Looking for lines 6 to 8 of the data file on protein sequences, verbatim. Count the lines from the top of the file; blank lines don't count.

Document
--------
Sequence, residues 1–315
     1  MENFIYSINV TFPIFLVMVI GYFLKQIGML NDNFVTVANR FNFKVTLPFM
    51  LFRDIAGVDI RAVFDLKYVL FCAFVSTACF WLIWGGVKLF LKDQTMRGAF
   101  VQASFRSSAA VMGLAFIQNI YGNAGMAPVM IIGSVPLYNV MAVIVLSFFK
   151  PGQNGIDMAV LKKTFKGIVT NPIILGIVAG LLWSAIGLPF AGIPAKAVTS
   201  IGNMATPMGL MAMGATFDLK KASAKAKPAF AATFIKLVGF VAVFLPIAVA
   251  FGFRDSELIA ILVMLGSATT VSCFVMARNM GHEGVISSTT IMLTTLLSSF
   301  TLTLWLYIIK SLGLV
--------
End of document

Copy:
   201  IGNMATPMGL MAMGATFDLK KASAKAKPAF AATFIKLVGF VAVFLPIAVA
   251  FGFRDSELIA ILVMLGSATT VSCFVMARNM GHEGVISSTT IMLTTLLSSF
   301  TLTLWLYIIK SLGLV